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From Esteban Gutierrez <este...@cloudera.com>
Subject Re: Recovering hbase after a failure
Date Thu, 02 Oct 2014 22:02:48 GMT
I get that isDirectory is not atomic and not the best solution, but at
least can provide an alternative to fail the operation without using the
deprecated API or altering FileSystem. Another possibility is that we could
live with createNonRecursive until FileSystem becomes fully deprecated and
we can migrate to FileContext, perhaps for HBase 3.x? HBASE-11045 goes in
the opposite direction to this but the discussion is in essence the same
problem.

thanks!
esteban.


--
Cloudera, Inc.


On Thu, Oct 2, 2014 at 2:17 PM, Andrew Purtell <apurtell@apache.org> wrote:

> 14 if you count createNewFile :-)
>
> http://search-hadoop.com/m/282AcZLDAp1. Maybe you could tap Andrew or
> Colin
> on the shoulder Esteban?
>
>
> On Thu, Oct 2, 2014 at 2:13 PM, Andrew Purtell <apurtell@apache.org>
> wrote:
>
> > It's not the round trip, it's the atomicity of the operation. Consider a
> > rename happening between the isDirectory call and the subsequent create
> > call. What would you have achieved by introducing the isDirectory check?
> I
> > skimmed the FileSystem javadoc for 2.4.1 and none of the 13
> non-deprecated
> > create methods can provide the same semantics of createNonRecursive,
> shame.
> >
> >
> > On Thu, Oct 2, 2014 at 11:36 AM, Esteban Gutierrez <esteban@cloudera.com
> >
> > wrote:
> >
> >> I'm not sure if we should use the deprecated API, calling isDirectory
> >> shouldn't be that expensive in the NN but it will add another RPC call
> per
> >> flush.
> >>
> >> esteban.
> >>
> >> --
> >> Cloudera, Inc.
> >>
> >>
> >> On Thu, Oct 2, 2014 at 11:26 AM, Andrew Purtell <apurtell@apache.org>
> >> wrote:
> >>
> >> > ​On Thu, Oct 2, 2014 at 11:17 AM, Buckley,Ron <buckleyr@oclc.org>
> >> wrote:
> >> >
> >> > > Also, once the original /hbase got mv'd, a few of the region servers
> >> did
> >> > > some flush's before they aborted.   Those RS's actually created a
> new
> >> > > /hbase, with new table directories, but only containing the data
> from
> >> the
> >> > > flush.
> >> >
> >> >
> >> > Sounds like we should be creating flush files with createNonRecursive
> >> (even
> >> > though it's deprecated)
> >> >
> >> >
> >> > On Thu, Oct 2, 2014 at 11:17 AM, Buckley,Ron <buckleyr@oclc.org>
> wrote:
> >> >
> >> > > FWIW, in case something like this happens to someone else.
> >> > >
> >> > > To recover this, the first thing I tried was to just mv the /hbase
> >> > > directory back.   That doesn’t work.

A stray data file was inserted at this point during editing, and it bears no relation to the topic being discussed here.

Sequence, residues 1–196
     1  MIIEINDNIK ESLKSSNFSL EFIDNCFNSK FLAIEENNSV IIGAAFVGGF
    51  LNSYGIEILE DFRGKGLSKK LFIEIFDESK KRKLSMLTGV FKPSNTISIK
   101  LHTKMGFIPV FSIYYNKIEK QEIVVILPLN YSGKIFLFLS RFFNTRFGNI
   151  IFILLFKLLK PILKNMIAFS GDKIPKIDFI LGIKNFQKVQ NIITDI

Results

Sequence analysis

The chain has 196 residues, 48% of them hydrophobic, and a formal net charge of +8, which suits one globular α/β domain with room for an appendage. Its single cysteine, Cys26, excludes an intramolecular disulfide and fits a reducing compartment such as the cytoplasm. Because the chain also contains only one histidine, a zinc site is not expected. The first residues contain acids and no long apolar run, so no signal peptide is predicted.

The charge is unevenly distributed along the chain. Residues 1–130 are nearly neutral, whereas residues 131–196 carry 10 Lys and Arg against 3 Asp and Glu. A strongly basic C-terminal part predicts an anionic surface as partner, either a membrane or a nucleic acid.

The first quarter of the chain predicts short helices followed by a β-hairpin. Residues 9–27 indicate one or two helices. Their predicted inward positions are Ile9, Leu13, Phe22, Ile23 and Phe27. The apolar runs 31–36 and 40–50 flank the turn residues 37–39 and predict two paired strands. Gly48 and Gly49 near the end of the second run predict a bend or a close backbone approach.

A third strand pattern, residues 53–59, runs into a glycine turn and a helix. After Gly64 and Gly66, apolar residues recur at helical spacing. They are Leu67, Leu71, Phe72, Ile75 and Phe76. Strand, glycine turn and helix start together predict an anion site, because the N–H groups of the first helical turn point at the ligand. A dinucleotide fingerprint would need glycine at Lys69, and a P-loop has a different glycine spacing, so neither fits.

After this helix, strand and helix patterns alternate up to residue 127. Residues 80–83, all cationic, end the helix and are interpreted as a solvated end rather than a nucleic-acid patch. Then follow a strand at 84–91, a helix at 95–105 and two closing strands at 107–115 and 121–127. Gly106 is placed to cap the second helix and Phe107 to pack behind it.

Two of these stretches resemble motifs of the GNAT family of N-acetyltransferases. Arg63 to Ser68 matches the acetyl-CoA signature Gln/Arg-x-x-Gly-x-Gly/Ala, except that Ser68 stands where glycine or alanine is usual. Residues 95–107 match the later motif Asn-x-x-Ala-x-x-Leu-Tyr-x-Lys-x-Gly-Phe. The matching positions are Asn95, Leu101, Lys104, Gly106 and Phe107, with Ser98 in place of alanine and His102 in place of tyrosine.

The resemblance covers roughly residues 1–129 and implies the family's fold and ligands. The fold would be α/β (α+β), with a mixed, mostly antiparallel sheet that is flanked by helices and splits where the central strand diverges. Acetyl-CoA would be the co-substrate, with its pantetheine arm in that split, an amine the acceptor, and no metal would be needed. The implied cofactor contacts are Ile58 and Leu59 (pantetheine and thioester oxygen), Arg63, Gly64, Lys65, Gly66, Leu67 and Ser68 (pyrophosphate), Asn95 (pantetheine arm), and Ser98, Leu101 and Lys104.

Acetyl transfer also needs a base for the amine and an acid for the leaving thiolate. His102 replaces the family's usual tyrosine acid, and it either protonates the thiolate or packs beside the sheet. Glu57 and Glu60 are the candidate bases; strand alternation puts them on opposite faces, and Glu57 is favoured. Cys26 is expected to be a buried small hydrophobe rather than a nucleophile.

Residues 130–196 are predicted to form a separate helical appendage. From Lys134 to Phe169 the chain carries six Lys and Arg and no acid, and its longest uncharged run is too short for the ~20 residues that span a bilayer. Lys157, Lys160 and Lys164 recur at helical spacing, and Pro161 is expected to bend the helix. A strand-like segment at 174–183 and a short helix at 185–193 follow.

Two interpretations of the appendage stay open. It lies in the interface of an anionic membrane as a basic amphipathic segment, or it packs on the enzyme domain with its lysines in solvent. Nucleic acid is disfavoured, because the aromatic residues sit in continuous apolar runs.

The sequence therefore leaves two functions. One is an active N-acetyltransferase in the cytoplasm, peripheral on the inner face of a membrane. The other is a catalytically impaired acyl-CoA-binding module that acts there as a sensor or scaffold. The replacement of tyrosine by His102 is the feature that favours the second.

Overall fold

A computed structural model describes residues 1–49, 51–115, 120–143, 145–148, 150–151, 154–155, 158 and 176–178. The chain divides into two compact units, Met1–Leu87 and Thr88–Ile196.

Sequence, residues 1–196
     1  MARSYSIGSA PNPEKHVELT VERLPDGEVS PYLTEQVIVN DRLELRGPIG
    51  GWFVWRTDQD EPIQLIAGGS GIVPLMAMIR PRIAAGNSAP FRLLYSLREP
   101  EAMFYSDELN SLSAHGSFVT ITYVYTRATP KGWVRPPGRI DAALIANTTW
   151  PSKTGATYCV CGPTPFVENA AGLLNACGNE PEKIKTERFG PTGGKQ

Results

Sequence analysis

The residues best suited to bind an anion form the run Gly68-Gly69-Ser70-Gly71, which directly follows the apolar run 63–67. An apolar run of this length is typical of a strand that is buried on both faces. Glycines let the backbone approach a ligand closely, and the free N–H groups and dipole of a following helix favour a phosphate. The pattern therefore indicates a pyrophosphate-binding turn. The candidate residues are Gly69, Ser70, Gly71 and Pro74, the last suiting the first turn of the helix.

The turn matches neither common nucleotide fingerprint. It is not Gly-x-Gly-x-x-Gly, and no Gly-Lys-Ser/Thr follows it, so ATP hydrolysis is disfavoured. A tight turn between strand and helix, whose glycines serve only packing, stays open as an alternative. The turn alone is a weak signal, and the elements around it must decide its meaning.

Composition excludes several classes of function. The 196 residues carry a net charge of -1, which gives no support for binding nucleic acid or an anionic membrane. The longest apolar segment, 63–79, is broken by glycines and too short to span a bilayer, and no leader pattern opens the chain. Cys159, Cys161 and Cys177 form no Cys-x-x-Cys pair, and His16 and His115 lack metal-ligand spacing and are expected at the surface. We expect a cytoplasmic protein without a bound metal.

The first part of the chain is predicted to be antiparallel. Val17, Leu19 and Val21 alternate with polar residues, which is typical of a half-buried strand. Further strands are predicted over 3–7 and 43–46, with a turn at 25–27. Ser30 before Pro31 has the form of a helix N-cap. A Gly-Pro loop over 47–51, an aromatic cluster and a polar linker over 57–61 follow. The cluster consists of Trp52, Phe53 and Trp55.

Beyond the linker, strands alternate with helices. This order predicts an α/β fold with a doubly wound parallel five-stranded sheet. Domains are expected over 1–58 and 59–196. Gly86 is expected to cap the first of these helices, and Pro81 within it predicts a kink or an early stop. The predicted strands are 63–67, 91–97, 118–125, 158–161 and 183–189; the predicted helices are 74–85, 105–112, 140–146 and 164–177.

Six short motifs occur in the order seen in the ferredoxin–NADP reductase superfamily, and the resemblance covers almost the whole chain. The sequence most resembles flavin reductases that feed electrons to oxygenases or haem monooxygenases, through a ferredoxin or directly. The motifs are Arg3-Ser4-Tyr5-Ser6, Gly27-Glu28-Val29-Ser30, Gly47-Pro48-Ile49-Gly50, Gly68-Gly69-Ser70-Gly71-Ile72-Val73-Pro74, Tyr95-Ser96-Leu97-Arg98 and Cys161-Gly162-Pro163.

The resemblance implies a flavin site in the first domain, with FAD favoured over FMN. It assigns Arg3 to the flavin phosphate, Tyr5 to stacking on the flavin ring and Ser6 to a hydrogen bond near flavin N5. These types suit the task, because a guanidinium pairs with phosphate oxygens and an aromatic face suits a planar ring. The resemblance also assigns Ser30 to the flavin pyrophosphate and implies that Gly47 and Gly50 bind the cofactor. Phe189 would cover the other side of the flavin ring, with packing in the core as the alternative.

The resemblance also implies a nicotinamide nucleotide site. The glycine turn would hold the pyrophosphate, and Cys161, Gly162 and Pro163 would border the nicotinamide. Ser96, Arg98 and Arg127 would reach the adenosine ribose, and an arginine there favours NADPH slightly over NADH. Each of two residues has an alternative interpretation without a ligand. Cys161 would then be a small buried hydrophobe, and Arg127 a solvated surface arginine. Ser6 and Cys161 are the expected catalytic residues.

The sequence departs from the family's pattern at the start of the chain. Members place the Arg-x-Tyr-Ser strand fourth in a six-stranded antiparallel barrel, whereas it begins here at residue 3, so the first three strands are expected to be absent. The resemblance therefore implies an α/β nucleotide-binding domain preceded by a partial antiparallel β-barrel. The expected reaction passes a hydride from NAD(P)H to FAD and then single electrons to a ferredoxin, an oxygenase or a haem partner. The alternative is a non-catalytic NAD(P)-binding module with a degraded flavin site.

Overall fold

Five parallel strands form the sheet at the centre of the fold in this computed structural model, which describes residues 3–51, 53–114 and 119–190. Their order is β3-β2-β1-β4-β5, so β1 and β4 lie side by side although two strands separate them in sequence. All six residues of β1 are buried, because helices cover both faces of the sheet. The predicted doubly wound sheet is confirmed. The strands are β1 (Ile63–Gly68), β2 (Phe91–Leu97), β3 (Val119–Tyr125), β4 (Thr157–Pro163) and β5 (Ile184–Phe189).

> >> > >
> >> > > To get back going had to completely shut down and restart.
> >> > >
> >> > > Also, once the original /hbase got mv'd, a few of the region servers
> >> did
> >> > > some flush's before they aborted.   Those RS's actually created a
> new
> >> > > /hbase, with new table directories, but only containing the data
> from
> >> the
> >> > > flush.
> >> > >
> >> > >
> >> > > -----Original Message-----
> >> > > From: Buckley,Ron
> >> > > Sent: Thursday, October 02, 2014 2:09 PM
> >> > > To: hbase-user
> >> > > Subject: RE: Recovering hbase after a failure
> >> > >
> >> > > Nick,
> >> > >
> >> > > Good ideas.    Compared  file and region counts with our DR site.
> >> >  Things
> >> > > looks OK.  Going to run some rowcounter's too.
> >> > >
> >> > > Feels like we got off easy.
> >> > >
> >> > > Ron
> >> > >
> >> > > -----Original Message-----
> >> > > From: Nick Dimiduk [mailto:ndimiduk@gmail.com]
> >> > > Sent: Thursday, October 02, 2014 1:27 PM
> >> > > To: hbase-user
> >> > > Subject: Re: Recovering hbase after a failure
> >> > >
> >> > > Hi Ron,
> >> > >
> >> > > Yikes!
> >> > >
> >> > > Do you have any basic metrics regarding the amount of data in the
> >> system
> >> > > -- size of store files before the incident, number of records, &c?
> >> > >
> >> > > You could sift through the HDFS audit log and see if any files that
> >> were
> >> > > there previously have not been restored.
> >> > >
> >> > > -n
> >> > >
> >> > > On Thu, Oct 2, 2014 at 10:18 AM, Buckley,Ron <buckleyr@oclc.org>
> >> wrote:
> >> > >
> >> > > > We just had an event where, on our main hbase instance, the /hbase
> >> > > > directory got moved out from under the running system (Human
> error).
> >> > > >
> >> > > > HBase was really unhappy about that, but we were able to recover
> it
> >> > > > fairly easily and get back going.
> >> > > >
> >> > > > As far as I can tell, all the data and tables came back correct.
> >> But,
> >> > > > I'm pretty concerned that there may be some hidden corruption
or
> >> data
> >> > > loss.
> >> > > >
> >> > > > 'hbase hbck'  runs clean and there are no new complaints in the
> >> logs.
> >> > > >
> >> > > > Can anyone think of anything else we should look at?
> >> >
> >>
> >
>
> --
> Best regards,
>
>    - Andy
>
> Problems worthy of attack prove their worth by hitting back. - Piet Hein
> (via Tom White)
>

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